God the Duchess of Cambridge "Five big questions" happened THIS YEAR. It's like it was five years ago, honestly. Well, that's how long we've been hearing about Kate's 'big plan' and how monumental it would be, and how it was her legacy work, the work that was going to change royal work forever. Then in January, she kicked it off and it was a poorly designed five-question survey with a vague promise that the survey ... would inform Kate's future work. Or something. The goal, it was clear, was to give Kate a "big plan," to explain how she's spent the past decade, and to get a momentary rush of good headlines and photo ops. Kate hadn't brought up the “Big Five” mess in months. And then Kensington Palace posted this video this morning:
Join us this week as we announce the results of the 5 Big Questions survey, find out # 5BigInsights, and answer your questions.
This is just the beginning… pic.twitter.com/lKegCA0x2Z
- The Duke and Duchess of Cambridge (@KensingtonRoyal) November 23, 2020
First off, to the cameraman (cameraman) who works for Kensington Palace these days: you are wrong. Quick edit and quick “zoom in” isn't young and hip, it looks amateurish and cheap. KP has used his own cameraman for the last five videos he has made, as I guess they're not happy with how they look on Zoom calls.
Second, yet another CopyKate moment where Kate talks on a sofa, in front of photos and framed flowers. Just like the Duchess of Sussex has been doing for months. Can Kate stop white bachelor Meghan for about two seconds? Third, this survey was so basic and poorly designed, I have no idea how the folks at Kate even put together something substantial to show people. What are these “five big ideas”? I guess it will be a bunch of common knowledge things like "diet and exercise influence early development" and "every child should be raised like the Middletons!"
Over the weekend, KP also posted this video on fatherhood and the like. Again, camera work is awkward and bad…?!?!
🦸♂️ "We need to be easier on ourselves as men and dads ... we don't need to be superheroes."
The Duke and Duchess of Cambridge met the beneficiaries of @FutureMenUKPrograms for Fathers, which help fathers build their confidence as parents at every stage of their child's development. pic.twitter.com/mnVtqt0L2q
- The Duke and Duchess of Cambridge (@KensingtonRoyal) November 21, 2020
Photos courtesy of Backgrid.
Everyone—adults, teens, and even children, experiences stress. Stress is a reaction to a situation where a person feels threatened or anxious. Stress can be positive ( e. g. preparing for a wedding ) or negative ( e. g. dealing with a natural disaster ). Learning saine ways to cope and getting the right care and support can help reduce stressful feelings and symptoms.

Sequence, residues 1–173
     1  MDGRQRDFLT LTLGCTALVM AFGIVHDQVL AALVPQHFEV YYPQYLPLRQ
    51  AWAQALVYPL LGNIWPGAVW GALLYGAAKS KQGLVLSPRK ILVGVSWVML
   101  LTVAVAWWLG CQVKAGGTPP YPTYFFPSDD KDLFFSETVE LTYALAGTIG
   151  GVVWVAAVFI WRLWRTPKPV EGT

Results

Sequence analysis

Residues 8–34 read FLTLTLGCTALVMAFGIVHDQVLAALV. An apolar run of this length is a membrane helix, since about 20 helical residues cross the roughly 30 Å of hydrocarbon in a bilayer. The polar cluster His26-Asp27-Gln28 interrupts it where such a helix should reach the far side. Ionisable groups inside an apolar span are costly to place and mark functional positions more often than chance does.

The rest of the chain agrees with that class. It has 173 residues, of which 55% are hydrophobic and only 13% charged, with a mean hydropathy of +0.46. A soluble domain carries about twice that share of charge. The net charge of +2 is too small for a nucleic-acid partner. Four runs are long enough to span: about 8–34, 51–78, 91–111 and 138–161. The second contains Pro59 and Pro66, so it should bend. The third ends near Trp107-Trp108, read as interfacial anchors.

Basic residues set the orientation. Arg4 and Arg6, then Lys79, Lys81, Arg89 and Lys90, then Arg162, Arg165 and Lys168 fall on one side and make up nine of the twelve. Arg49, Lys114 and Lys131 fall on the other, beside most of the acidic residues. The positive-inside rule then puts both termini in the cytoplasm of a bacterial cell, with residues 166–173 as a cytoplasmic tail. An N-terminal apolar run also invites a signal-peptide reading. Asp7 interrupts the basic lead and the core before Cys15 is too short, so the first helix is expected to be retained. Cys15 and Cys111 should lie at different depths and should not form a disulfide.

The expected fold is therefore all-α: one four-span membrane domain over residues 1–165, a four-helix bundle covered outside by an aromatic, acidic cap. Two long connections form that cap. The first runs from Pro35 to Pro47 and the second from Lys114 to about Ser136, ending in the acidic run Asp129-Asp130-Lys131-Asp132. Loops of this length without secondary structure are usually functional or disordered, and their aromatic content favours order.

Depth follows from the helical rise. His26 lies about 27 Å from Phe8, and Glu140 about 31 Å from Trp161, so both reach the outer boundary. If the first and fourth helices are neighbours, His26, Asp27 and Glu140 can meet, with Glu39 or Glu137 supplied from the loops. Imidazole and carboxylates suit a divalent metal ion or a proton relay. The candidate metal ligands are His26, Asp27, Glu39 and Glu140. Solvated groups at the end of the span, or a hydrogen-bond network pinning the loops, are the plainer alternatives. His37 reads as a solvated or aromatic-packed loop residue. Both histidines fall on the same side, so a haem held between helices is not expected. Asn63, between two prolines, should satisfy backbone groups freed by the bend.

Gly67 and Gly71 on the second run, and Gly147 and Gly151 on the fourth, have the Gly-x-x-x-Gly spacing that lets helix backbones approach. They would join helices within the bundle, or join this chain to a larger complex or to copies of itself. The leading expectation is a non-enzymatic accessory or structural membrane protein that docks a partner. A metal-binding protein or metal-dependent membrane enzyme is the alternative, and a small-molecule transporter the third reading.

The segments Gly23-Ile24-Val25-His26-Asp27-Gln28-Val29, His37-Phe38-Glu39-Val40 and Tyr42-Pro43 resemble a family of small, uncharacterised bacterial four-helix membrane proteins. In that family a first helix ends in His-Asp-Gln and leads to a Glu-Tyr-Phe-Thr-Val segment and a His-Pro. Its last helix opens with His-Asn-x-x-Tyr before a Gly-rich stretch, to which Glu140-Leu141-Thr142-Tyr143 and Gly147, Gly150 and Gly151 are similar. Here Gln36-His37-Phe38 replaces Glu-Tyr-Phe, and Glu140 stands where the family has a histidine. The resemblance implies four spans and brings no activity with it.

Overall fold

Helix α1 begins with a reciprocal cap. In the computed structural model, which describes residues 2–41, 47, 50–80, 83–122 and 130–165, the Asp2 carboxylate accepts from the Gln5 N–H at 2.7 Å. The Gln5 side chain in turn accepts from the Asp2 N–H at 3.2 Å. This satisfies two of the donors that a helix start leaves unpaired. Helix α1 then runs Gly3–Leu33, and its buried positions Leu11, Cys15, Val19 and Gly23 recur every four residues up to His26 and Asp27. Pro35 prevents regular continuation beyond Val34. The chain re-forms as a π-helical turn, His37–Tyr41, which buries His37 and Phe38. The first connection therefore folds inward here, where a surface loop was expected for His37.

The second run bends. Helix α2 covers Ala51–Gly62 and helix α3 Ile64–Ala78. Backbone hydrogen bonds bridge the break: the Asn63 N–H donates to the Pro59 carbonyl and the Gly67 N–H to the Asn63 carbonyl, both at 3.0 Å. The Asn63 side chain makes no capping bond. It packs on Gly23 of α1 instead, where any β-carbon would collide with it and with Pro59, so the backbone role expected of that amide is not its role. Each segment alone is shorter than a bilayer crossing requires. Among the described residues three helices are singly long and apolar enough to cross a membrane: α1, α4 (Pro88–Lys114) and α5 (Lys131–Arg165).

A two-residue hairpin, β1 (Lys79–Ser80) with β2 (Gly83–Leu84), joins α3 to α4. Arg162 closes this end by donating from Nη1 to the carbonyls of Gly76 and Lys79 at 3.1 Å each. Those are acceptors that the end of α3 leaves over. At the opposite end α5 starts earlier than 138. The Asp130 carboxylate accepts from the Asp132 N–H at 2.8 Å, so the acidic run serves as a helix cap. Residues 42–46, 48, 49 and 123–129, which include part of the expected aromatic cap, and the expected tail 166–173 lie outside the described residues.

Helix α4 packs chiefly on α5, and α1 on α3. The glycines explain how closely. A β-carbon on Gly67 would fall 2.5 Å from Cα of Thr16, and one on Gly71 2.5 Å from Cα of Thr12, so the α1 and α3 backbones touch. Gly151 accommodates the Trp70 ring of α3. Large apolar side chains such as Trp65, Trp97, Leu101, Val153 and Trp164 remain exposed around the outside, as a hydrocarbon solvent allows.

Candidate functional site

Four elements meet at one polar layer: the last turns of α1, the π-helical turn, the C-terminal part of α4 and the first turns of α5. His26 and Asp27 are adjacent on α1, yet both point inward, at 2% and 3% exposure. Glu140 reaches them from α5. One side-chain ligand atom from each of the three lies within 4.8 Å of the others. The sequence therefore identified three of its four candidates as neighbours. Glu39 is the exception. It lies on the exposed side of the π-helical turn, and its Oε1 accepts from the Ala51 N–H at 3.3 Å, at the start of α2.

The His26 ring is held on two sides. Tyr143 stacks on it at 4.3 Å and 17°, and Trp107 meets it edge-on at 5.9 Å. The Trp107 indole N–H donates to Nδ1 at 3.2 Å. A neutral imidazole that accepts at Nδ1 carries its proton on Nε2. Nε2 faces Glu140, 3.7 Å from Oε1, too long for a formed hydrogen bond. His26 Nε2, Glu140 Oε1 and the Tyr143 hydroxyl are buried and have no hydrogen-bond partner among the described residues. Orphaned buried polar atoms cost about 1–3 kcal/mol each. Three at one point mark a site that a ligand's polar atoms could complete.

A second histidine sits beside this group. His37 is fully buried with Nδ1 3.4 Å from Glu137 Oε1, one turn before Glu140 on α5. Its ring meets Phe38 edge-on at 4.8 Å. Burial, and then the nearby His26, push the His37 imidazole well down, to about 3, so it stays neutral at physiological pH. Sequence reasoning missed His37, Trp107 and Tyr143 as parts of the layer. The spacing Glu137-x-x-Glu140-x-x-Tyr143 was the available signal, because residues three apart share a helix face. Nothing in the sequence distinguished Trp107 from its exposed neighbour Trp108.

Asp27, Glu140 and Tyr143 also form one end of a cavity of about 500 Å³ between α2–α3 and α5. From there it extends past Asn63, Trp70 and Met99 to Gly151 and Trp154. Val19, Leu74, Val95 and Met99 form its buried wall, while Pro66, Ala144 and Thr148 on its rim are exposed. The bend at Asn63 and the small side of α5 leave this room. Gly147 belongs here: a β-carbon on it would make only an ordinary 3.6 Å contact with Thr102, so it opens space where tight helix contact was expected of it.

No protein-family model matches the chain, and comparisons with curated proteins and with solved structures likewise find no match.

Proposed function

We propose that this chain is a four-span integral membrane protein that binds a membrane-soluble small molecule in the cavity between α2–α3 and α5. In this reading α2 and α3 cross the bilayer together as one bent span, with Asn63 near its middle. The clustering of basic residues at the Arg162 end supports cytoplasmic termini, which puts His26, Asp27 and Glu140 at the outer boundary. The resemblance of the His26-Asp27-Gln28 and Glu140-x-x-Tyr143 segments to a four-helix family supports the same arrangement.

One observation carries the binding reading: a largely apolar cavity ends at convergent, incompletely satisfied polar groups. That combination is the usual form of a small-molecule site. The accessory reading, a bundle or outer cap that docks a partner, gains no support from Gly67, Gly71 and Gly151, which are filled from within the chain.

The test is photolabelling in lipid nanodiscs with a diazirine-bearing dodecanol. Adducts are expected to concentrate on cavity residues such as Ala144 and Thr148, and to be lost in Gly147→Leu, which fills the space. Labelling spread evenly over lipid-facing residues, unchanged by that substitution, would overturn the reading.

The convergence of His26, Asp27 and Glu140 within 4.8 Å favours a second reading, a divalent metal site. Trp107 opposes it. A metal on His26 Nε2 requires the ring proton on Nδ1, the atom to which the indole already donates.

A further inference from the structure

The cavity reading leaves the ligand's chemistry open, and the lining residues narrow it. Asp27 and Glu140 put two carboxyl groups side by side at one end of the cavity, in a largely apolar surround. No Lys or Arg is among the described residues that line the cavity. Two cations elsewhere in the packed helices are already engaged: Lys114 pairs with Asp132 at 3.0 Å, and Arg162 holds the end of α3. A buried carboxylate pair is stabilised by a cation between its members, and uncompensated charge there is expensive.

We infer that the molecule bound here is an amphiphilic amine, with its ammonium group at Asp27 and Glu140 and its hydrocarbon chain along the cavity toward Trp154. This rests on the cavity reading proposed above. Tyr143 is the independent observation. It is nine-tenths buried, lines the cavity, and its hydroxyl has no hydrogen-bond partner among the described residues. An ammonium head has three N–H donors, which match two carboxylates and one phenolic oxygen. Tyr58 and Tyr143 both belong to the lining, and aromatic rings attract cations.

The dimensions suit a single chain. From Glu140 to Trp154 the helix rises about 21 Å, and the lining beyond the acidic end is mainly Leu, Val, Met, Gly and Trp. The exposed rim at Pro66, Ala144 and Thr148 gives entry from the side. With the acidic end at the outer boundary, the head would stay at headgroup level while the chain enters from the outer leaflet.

After a traumatic event, people may have strong and lingering reactions. These events may include personal or environmental disasters, or threats with an assault. The symptoms may be physical or emotional. Common reactions to a stressful event can include : disbelief, shock, and numbnessfeeling sad, frustrated, and helplessdifficulty concentrating and making decisionsheadaches, back pains, and stomach problemssmoking or use of alcohol or drugs
Healthy Ways to Cope with StressFeeling emotional and nervous or having dysfonctionnement sleeping and eating can all be normal reactions to stress. Here are some saine ways you can deal with stress : Take care of yourself. Eat saine, well-balanced mealsExercise on a regular basisGet plenty of sleepGive yourself a break if you feel stressed outTalk to others. Share your problems and how you are feeling and coping with a mère, friend, counselor, doctor, or pastor. Avoid drugs and alcohol. These may seem to help, but they can create additional problems and increase the stress you are already feeling. Take a break. If news events are causing your stress, take a break from listening or watching the news. Recognize when you need more help. If problems continue or you are thinking about suicide, talk to a psychologist, social worker, or professional counselor.
Helping Youth Cope with StressChildren and adolescents often struggle with how to cope with stress. Youth can be particularly overwhelmed when their stress is connected to a traumatic event—like a natural disaster, family loss, school shootings, or community violence. Parents and educators can take steps to provide stability and support that help young people feel better.
Are you solo and looking for love ? Are you finding it hard to meet the right person ? When you’re having trouble finding a love connection, it’s all too easy to become discouraged or buy into the destructive myths out there about dating and relationships.
Life as a solo person offers many rewards, such as being free to pursue your own hobbies and interests, learning how to enjoy your own company, and appreciating the quiet instants of retraite. However, if you’re ready to share your life with someone and want to build a lasting, worthwhile relationship, life as a single person can also seem frustrating